For the fall foliage roadtripping always take the scenic route.

    Would the drive(teshuva) experience be different if done by train or subway with the ability to hop on and off without responsibility .

    What if the conductors or those in charge of imparting the rules and regulations and other definitions like prayer were not mr/ms congeniality award winners or even actual contestants.

    Free will and choice and questions like how does one recharge and fuel up when those in charge are the ones that made train or even subway riding so much more convenient and hassle free from the rules and regulations of driving .Can you recharge spiritually on more lenient trains or subways or do you need the heavy regulating of actual driving .

    I guess the roadtrip would be a whole different experience if say the point of origin was not actually initiated by a caring Rabbi from Twin Rivers ( If it’s the rabbi I think your talkin about kiruv great/brilliant and real caring is the understatement of the decade…) but instead initiated by tired and stale teachers who droned on and on in tired english and montone hebrew .Unless you were mildly autistic with a strong interest in foreign language praying there was no way any real enthusiasm or deep understanding of the scheme of things in prayer land was coming together anytime sooon or anytime at all .

    This would also be the time the temp admission cards were getting ready to expire.Lets also pray that delinquent daddys have drummed the tuition .What a waste of tution money after all that.

    The “penitential prayers” (love the word combo) you speak so elqouently of seemed to be to be of no avail as I personally went back to the house of learned haughtiness and surface only learning year after year ……When ure a kid you base religion on those that teach it by default .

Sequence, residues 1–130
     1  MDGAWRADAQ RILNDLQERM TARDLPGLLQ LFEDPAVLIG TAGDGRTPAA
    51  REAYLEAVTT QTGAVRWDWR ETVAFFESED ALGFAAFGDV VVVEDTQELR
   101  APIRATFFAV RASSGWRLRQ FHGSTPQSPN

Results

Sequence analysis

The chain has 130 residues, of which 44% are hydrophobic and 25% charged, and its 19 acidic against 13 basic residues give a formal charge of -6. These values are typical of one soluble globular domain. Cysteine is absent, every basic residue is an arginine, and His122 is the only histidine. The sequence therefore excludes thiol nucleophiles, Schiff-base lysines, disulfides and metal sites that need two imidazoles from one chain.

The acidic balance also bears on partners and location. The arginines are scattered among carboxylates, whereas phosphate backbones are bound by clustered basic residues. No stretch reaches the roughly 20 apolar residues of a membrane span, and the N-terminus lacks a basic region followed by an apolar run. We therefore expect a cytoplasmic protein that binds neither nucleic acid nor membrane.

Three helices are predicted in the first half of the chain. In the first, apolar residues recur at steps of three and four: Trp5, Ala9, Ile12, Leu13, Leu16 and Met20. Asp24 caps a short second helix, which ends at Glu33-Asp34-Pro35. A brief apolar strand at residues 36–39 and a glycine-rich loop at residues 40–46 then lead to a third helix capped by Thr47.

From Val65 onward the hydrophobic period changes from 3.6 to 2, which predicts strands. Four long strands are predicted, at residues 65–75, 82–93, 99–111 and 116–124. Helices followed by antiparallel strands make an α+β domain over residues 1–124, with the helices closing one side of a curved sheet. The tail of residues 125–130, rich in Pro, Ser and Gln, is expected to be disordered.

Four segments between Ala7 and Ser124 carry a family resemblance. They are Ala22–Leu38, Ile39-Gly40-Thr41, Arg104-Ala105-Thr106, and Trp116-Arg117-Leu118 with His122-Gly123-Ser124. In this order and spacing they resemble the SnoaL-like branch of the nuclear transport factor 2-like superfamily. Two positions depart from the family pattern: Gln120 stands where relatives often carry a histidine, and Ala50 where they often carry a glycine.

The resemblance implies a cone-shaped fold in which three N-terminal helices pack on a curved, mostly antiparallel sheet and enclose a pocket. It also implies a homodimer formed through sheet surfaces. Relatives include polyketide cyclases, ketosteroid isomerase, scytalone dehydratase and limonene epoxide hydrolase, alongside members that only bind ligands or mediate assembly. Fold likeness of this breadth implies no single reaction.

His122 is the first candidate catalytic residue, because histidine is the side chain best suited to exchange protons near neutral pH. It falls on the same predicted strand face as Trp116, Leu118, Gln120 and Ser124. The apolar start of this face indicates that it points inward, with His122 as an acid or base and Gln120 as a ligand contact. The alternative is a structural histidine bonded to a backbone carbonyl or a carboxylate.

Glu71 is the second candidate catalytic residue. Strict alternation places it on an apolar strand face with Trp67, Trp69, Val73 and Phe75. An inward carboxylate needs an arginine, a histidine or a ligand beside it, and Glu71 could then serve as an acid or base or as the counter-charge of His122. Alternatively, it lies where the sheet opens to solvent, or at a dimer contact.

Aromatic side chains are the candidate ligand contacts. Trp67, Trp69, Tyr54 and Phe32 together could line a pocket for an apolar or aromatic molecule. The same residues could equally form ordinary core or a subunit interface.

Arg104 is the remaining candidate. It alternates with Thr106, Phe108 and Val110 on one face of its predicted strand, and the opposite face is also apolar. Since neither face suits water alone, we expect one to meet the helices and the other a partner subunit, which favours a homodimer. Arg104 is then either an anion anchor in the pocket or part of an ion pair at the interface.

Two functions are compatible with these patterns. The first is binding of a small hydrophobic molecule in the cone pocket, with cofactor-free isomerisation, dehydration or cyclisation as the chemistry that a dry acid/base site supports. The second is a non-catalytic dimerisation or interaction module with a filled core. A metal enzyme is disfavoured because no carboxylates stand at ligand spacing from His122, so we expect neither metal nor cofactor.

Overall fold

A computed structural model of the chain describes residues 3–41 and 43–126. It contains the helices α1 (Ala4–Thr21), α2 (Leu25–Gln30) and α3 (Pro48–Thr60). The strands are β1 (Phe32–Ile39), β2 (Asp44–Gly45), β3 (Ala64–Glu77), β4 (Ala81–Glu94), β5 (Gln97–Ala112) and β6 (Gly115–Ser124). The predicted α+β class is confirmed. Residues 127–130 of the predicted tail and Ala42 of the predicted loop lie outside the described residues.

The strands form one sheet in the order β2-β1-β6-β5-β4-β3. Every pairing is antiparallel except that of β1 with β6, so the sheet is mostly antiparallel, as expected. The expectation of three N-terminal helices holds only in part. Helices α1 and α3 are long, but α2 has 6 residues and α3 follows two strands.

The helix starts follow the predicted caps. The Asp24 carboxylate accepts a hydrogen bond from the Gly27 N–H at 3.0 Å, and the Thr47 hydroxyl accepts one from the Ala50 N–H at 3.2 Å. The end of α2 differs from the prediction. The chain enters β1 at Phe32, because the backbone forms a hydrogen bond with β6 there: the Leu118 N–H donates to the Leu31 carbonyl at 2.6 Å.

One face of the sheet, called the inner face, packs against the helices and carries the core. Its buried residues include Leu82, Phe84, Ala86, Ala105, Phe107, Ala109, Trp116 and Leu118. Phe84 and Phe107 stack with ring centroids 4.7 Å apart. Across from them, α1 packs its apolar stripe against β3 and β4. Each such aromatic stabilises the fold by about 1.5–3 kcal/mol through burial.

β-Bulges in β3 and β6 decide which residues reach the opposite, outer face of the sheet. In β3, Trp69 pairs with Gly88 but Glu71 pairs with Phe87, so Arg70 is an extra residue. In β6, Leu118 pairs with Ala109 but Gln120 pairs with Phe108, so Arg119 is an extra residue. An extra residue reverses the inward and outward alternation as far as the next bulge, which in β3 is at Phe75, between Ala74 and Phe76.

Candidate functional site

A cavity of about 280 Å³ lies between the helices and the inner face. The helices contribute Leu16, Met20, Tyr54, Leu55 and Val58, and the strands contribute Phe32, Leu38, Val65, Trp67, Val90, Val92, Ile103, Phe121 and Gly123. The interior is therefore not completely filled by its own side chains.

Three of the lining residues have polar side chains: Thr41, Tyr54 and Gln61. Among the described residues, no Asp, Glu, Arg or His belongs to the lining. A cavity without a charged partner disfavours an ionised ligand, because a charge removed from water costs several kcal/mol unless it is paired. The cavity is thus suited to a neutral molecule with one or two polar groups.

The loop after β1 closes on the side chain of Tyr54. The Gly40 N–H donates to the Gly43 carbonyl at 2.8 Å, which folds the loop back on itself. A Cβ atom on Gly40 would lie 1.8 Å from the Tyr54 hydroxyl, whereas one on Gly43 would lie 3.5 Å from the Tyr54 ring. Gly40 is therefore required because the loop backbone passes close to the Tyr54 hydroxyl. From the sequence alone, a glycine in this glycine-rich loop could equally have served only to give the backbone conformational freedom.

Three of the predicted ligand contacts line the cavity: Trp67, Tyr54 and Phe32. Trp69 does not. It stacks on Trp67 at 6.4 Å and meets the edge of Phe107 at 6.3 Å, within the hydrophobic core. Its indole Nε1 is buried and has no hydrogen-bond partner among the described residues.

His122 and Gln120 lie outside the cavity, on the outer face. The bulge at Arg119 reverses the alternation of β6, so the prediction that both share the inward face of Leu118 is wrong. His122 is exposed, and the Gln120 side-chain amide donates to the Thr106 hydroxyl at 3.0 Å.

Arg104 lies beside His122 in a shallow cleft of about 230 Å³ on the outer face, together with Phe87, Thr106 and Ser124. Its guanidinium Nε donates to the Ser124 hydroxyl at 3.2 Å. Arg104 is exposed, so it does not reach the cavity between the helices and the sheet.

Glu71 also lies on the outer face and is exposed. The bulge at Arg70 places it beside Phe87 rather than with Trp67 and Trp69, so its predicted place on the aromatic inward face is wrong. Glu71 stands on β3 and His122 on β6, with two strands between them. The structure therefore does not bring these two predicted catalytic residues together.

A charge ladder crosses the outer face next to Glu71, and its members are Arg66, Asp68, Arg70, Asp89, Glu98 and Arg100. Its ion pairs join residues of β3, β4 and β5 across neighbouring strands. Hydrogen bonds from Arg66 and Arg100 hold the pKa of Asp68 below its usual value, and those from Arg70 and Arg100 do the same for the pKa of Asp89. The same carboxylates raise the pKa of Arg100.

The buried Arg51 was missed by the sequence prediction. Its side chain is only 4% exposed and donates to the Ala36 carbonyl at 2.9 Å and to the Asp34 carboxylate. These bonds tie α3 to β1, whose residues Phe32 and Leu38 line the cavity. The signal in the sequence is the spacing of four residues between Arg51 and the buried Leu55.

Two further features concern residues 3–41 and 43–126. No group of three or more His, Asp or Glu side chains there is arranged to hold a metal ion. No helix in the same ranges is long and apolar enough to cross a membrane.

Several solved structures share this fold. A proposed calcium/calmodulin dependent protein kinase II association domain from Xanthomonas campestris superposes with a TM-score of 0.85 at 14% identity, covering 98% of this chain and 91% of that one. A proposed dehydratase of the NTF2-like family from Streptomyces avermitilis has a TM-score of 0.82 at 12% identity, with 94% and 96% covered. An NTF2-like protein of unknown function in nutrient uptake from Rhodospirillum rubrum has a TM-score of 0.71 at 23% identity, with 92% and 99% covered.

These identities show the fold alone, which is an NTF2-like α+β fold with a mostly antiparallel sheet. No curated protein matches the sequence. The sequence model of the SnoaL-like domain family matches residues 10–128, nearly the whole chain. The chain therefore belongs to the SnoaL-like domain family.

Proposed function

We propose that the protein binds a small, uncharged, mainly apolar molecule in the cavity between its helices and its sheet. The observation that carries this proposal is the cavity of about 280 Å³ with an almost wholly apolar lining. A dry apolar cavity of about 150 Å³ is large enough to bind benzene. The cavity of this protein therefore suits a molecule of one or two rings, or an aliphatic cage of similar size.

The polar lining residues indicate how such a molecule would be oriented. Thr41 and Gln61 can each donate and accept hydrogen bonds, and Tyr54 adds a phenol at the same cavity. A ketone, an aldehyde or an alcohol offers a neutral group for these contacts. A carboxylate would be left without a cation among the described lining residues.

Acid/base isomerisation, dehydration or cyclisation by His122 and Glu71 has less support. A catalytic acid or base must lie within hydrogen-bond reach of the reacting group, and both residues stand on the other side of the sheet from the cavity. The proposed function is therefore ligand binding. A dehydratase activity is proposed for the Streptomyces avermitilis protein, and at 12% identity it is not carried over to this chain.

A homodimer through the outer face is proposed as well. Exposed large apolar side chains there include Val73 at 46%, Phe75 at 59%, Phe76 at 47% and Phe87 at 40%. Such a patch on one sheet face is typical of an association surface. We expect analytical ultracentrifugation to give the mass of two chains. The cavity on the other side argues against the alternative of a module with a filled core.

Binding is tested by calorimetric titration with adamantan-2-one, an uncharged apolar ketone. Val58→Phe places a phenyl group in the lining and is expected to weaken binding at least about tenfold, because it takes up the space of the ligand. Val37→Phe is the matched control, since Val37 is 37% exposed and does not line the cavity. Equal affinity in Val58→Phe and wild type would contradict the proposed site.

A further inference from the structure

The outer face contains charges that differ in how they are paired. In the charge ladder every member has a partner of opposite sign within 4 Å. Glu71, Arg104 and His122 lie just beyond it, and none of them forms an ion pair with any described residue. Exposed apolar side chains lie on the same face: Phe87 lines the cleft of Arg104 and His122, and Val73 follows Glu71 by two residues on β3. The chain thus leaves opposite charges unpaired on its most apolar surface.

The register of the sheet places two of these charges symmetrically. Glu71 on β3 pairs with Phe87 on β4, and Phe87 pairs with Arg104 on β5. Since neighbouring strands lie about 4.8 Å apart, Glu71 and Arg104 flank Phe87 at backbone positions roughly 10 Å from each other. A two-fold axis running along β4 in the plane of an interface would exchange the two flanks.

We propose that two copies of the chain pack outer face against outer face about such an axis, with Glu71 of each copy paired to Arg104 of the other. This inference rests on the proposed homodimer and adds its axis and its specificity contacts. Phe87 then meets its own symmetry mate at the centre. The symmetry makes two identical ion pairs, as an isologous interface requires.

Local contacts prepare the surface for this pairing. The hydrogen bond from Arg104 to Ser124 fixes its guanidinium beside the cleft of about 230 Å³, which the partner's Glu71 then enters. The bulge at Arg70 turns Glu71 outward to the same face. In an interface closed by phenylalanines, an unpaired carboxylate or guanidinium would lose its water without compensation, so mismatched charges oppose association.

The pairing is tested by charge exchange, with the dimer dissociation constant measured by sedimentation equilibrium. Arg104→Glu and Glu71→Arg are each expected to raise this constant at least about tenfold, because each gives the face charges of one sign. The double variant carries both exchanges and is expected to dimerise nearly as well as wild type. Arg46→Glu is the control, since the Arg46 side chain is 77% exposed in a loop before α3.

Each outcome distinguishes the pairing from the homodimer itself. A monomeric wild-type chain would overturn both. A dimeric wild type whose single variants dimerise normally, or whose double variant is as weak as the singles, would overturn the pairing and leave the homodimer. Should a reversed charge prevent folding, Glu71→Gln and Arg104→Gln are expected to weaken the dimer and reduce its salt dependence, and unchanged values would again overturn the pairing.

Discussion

So instead of realizing “the terrifying, intimidating selichos have been transformed — by time, by the subtle change of season, and by the process of Tishrei — into the joyous simcha-songs of hakofos” you identify more with how the lofty aspirations of pirkei avos are transformed into haughty songs of hypocrisy and the song ” I lost you at hypocrisy” sloshes around in your brain long into your twenties like one long island iced tea too many making things all askew……..

    Thank G-d i’ve managed to blend all those years of rigid rules living, haughty upgrades and equal parts of unexplainable rules and bland tired lessons of hypocrisy into one large blur of smudged drudgery wiped clean from my molding memory banks , with some fresh scent clorox wipes.Thank g-d for Clorox wipes, now with scented bleach!!

    So bascially my long and wayward and everywhere point is that in order to experience the sort of euphoric roadtrip, twinkling with the light of spirituality and global prayer integrating, you seem to be experiencing some requirements need to be met .
    The point of origin is of extreme importance (there needs to be some real caring figure representing religion initially) as is the method you are traveling and the route you take down sequential thought processing and roadtripping highway .But whats most important is the current conductor or roadtrip coordinator .